Cofina creditors appeal stay ruling
SAN JUAN – Holders of some $2 billion in Puerto Rico Sales Tax Financing Corp. (Cofina by its Spanish acronym) senior bonds appealed on Monday to the U.S. First Circuit Court of Appeals in Boston a federal court ruling that denied their motion to stay a lawsuit that challenges the legality of Cofina.
José F. Rodríguez and other institutional holders of approximately $2 billion in senior secured Cofina bonds appealed an opinion and order issued on Feb. 17 that not only denied their motion to stay the action, but also denied their motion to intervene for the sole purpose of seeking enforcement of the Promesa stay, which runs until May.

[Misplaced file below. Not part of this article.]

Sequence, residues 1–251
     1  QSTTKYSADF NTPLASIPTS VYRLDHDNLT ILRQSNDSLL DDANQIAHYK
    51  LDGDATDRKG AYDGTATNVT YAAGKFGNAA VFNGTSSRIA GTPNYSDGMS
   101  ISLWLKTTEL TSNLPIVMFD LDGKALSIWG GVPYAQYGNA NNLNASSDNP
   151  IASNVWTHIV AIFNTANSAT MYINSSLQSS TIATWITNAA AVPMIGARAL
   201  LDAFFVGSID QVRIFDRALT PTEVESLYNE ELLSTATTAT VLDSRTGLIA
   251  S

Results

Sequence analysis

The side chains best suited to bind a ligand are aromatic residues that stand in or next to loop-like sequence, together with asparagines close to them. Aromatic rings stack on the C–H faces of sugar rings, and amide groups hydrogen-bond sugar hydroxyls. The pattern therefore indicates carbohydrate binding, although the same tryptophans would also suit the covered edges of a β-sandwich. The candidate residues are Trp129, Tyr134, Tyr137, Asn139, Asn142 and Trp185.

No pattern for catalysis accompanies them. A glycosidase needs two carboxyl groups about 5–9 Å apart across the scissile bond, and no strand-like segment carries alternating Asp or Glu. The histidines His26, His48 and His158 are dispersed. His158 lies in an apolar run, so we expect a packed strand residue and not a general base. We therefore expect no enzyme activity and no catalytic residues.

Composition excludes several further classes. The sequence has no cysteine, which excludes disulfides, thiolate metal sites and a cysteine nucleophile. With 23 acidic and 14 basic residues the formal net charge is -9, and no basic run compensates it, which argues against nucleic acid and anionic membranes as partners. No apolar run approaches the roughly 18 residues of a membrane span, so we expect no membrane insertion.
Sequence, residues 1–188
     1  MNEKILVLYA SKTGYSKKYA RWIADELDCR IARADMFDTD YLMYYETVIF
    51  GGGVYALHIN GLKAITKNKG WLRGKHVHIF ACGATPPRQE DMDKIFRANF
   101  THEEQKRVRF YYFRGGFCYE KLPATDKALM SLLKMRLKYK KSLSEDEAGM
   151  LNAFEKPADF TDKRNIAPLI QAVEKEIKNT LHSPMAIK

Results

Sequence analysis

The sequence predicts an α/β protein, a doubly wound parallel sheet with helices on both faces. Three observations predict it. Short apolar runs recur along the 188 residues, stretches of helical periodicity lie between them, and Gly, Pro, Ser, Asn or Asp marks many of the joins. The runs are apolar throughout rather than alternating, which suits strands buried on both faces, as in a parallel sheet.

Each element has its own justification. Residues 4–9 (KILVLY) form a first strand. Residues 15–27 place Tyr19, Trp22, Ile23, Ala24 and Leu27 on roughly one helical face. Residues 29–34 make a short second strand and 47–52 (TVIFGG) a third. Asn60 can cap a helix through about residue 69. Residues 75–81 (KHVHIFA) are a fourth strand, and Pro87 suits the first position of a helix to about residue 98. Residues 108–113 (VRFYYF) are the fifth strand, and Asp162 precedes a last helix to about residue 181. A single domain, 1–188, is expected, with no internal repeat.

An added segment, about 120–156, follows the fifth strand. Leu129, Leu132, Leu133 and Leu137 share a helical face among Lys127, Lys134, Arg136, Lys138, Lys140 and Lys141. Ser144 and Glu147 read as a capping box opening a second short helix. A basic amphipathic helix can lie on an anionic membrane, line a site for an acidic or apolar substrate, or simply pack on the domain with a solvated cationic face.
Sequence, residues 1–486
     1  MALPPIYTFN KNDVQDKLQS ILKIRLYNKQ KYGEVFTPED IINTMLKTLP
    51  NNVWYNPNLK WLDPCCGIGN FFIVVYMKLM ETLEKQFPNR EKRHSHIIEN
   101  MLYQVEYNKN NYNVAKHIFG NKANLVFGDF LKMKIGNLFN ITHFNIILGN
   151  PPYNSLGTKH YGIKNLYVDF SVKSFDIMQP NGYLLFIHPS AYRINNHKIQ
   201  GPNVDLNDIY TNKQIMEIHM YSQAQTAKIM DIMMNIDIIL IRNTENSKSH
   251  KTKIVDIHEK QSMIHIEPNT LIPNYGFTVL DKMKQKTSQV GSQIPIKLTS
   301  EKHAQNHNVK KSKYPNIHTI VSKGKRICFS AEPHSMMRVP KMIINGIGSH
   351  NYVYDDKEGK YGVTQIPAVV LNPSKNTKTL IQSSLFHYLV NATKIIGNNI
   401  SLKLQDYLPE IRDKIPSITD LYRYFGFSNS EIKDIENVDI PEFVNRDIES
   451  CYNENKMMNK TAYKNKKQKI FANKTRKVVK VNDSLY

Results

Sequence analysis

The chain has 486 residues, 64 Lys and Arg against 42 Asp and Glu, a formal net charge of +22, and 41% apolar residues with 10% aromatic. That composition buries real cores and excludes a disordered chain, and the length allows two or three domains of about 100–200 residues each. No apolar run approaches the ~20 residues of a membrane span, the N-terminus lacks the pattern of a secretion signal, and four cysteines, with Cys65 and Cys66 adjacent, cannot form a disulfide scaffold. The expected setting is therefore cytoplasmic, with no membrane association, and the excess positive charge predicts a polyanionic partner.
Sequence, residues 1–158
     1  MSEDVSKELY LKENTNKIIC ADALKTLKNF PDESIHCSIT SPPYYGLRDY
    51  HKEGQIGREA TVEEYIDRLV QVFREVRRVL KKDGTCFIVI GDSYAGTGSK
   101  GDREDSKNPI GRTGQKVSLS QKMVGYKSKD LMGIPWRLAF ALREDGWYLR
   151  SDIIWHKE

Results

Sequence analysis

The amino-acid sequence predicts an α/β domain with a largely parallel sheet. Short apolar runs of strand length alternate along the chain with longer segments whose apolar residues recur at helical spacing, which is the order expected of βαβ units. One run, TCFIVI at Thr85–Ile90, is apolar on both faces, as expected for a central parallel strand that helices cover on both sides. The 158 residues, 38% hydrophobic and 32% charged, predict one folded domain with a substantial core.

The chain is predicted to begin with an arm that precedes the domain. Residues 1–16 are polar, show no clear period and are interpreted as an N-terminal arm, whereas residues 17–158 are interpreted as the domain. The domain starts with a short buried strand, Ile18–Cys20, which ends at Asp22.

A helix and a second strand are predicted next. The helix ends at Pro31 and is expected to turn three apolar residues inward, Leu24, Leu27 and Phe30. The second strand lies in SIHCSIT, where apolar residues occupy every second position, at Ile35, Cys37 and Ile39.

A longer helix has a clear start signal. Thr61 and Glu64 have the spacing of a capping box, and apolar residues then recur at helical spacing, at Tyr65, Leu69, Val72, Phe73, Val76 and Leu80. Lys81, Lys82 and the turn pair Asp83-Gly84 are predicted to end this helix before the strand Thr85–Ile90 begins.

The move is the latest in the so-called Lex Claims lawsuit in which general obligation (GO) bondholders want the court to declare the illegality of the Cofina structure and to have the entity’s funds diverted to pay GO bondholders.
Created in 2006, Cofina’s roughly $17 billion debt is backed by a share of the island’s sales and use tax (IVU by its Spanish acronym) that goes directly to cover debt service twice a year, with the remainder of the revenue going to commonwealth coffers after bondholders are paid. The pledged portion of the IVU is Cofina property and that revenue doesn’t constitute “available resources” of commonwealth itself. For that reason, the government continues to pay Cofina bondholders, but defaulted last year in payments to GO holders even though it recently began to pay interest on the bonds.
The Financial Oversight and Management Board is also appealing to the Boston court the Feb. 17 ruling in which Federal Judge Francisco Besosa rejected a stay in the lawsuit